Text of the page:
A General Drug Problem

As it now appears a near certainty that Hugo Chávez will either soon resign the presidency or die as a consequence of his second recurrence of an unspecified pelvic cancer, it seems like a good time to give my two cents on the situation. I have already mused on this topic before, back when Chávez was first being treated, and I largely think things will play out in the way that I predicted; chavismo will certainly outlast Chávez and chavismo sin Chávez will have difficulty staying unified in much the same way that peronismo has splintered over the past five decades. I am certainly not the only person who has made that analysis of this situation but I have noticed that few people are discussing the impact of the military in this whole process, particularly in a situation where Chávez dies before an election for his successor can take place and the opposition wins that election.

In that situation, I see a chance of instability coming from the military because of the reported close ties between high ranking chavista officers and the rampant and growing drug trade flowing from Colombia through Venezuela en route to the US and Europe. In this context, the election of an opposition president in what amounts to a snap election (it would have to occur within 30 of Chávez permanently leaving office of dying) would put these officers in a serious predicament. Corruption is bad enough, but is so pervasive in Venezuela at this point that it would be nearly impossible for an incoming government to deal with even a fraction of those involved amid the other problems it would be facing in its first chance at governing in half a generation. Involvement in drug trafficking, on the other hand, is a much more serious type of corruption than skimming money from government contracts or the oil sector. These officers have far more to lose from the end of chavismo than many of its other beneficiaries, and in the short span between Chávez leaving, the election and a hypothetical president from the opposition taking office, they would have very little opportunity to cover their tracks or escape with what they can (particularly since fewer foreign governments would look sympathetically toward them). In such a situation, it’s not difficult to imagine how a few might attempt to block the new government as a form of self-protection, perhaps while claiming to be defending the revolution from the opposition and the incompetent civilian wing of chavismo that had just betrayed it by losing.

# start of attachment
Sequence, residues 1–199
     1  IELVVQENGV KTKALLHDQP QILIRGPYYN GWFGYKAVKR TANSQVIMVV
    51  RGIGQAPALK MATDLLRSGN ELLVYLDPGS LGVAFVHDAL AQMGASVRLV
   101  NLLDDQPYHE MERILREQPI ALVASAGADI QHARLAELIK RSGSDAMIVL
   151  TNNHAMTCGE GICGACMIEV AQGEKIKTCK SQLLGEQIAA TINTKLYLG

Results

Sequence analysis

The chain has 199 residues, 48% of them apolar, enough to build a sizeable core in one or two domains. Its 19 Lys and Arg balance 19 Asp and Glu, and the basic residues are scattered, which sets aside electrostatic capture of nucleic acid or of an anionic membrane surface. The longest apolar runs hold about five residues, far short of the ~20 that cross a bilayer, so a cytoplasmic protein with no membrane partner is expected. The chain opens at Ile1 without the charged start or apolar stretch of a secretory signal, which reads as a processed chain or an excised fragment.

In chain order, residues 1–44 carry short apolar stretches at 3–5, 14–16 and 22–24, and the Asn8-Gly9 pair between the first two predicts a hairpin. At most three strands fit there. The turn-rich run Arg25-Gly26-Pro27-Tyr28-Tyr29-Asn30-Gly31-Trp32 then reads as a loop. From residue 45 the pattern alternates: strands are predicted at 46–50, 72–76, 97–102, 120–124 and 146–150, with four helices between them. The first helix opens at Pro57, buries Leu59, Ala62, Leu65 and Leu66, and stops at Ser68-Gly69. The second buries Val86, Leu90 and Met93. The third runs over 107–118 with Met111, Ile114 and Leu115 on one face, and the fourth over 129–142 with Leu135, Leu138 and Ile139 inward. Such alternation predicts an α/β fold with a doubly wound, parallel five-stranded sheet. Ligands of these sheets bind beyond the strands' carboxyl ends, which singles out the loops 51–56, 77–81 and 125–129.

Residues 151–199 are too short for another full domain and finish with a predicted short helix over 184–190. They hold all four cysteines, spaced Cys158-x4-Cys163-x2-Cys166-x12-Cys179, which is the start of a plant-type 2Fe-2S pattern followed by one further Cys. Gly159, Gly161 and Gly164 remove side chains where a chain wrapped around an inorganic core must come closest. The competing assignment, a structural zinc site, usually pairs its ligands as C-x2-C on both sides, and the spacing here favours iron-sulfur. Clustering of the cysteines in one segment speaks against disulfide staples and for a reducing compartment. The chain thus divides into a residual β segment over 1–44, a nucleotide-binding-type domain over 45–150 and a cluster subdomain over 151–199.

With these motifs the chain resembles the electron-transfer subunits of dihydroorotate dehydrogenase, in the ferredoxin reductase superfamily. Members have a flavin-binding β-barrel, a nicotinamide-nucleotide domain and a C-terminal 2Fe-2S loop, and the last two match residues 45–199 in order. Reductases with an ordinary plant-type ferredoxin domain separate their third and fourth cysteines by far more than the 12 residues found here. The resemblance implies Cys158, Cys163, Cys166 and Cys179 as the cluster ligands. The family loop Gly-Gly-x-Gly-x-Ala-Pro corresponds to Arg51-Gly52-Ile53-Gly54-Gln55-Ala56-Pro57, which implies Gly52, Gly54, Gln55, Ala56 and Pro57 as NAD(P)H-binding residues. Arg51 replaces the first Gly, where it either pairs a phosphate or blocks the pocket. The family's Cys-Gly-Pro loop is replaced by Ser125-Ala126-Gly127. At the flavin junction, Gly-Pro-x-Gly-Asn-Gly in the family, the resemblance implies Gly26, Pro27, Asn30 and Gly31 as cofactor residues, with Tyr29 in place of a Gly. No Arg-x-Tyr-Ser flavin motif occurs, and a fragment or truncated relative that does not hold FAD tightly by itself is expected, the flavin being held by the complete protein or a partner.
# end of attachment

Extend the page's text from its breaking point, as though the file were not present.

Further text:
All that said, I don’t see this situation playing out. By naming a successor and so pointedly stipulating that the letter of the constitution should be followed, Chávez has indicated that he is more concerned with prolonging his movement than remaining completely in control until the moment he dies. It seems likely to me that he will, to the extent his health allows, step down with time enough to ensure that Nicolás Maduro—his anointed successor—gets elected. Even if he does die before then, I still believe that chavismo has the resources of the state behind it to a degree that it can win a fair enough election (i.e. not blatantly fraudulent enough to risk more than condemnation from a bunch of countries that chavismo disdains anyway) even without Chávez there to campaign. Beyond that point, with the economy on the brink, crime pervasive and the general unpopularity of non-Chávez chavistas, I see little chance that chavismo can win a subsequent election without becoming increasingly overtly authoritarian. By that next election, at least, those with the really dirty hands will have had time to prepare.


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